On May 28, 2012, Eden Hazard announced his transfer from French club Lille to Abramovich’s Chelsea. Chelsea reportedly paid €35 million for the top player. According to the British newspaper The Telegraph, Hazard’s agent at the time, John Pico, requested compensation equivalent to 7 million euros. Less than a year later, on 29 March 2013, Pico, in his capacity as director of Gulf Value FZE in the UAE, signed a “consulting services contract” worth €7 million. This is clear from the leaked documents. The payment was supposed to come from Liston Holdings, Abramovich’s subsidiary in the British Virgin Islands, and, according to the document, was compensation for five years of services “related to research and consulting in the field of sports.”
Around the same period, Pico appeared in a role other than a football agent. On 19 April 2013, a Dubai investor, Gulf Dynamic Challenge, acquired White Star Woluwe, a club playing in the Belgian second division. Officially, Biko was just an advisor to White Star Woluwe, because football agents are not allowed to hold official positions at the club.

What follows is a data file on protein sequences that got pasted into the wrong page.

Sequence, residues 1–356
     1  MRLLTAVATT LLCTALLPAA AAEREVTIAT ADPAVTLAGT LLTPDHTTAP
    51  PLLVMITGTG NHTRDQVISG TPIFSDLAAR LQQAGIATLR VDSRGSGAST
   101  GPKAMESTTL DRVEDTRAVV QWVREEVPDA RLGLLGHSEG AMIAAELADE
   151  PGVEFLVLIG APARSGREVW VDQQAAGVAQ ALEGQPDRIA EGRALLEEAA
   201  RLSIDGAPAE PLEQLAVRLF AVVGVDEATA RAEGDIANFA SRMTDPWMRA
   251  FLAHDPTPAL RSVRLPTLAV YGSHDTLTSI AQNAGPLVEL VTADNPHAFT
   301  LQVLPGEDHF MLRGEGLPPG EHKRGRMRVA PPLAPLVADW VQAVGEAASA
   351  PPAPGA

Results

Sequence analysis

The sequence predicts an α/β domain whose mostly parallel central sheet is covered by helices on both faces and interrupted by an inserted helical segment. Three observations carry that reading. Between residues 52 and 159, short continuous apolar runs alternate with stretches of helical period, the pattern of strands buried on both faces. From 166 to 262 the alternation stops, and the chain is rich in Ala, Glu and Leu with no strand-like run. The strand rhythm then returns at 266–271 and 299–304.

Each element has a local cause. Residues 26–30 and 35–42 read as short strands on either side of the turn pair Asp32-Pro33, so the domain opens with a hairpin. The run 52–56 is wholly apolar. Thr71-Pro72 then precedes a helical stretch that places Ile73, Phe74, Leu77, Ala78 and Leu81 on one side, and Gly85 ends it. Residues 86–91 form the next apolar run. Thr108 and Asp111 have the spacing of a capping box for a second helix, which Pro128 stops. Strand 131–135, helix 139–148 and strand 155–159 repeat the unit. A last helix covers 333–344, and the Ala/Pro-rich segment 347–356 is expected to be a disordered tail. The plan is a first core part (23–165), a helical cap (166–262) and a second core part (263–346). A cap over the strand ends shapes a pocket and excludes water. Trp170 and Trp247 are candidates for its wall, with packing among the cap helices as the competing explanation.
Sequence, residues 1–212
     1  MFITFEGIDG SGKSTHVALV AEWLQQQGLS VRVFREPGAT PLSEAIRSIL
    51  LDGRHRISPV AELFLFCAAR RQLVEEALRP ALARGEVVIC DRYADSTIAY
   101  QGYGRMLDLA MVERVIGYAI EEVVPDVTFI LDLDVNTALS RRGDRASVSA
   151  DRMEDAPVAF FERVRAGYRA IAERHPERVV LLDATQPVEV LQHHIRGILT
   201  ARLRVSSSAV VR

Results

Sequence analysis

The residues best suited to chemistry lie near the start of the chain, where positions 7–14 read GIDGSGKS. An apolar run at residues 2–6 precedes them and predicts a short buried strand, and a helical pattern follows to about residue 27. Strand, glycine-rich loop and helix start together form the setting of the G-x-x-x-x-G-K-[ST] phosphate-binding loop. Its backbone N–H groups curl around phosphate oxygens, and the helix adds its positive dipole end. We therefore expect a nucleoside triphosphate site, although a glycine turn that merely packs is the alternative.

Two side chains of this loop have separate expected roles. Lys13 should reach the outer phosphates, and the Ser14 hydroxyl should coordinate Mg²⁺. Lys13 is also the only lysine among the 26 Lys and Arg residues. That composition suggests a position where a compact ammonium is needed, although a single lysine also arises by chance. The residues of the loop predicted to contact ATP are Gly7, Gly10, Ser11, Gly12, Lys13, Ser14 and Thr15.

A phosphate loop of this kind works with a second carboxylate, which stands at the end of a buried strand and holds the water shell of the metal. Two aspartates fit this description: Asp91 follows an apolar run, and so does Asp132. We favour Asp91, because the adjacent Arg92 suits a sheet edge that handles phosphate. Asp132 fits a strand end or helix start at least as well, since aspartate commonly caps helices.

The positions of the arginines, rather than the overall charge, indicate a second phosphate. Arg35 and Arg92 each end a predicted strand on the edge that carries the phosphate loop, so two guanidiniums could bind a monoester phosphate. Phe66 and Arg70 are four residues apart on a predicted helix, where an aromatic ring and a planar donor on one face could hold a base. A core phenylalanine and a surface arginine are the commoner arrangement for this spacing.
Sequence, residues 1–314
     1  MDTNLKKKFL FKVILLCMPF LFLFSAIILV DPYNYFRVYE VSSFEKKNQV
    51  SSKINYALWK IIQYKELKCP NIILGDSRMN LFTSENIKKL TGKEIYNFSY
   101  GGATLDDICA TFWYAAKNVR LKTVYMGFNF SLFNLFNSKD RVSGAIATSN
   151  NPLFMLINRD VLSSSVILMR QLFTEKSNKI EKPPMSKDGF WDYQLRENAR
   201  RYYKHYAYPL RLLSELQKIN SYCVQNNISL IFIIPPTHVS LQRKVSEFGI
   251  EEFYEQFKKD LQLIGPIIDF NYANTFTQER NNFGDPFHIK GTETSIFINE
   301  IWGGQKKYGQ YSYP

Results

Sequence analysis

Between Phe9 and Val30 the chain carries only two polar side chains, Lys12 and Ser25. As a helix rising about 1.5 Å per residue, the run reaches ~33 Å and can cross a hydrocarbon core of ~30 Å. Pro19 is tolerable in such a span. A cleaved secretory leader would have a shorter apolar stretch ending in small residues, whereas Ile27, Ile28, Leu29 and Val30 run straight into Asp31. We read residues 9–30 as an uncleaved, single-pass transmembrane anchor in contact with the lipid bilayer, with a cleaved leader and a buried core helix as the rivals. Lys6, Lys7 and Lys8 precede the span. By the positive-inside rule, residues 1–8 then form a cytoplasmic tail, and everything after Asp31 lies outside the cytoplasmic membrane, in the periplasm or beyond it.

Biko later announced that he was ceasing his activities as a real estate agent to become “general manager” of White Star.
White Star and Lowe’s
In April 2015, White Star and Lowe threatened to lose their Football Association license to participate in the 2015-2016 season competition in the second division. The club appealed. During oral arguments on the licensing case before the Belgian Court of Arbitration for Sport, Pico claimed to have concluded a cooperation agreement with Chelsea. But the document he submitted to the arbitration court turned out to be unsigned. However, White Star managed to maintain its license.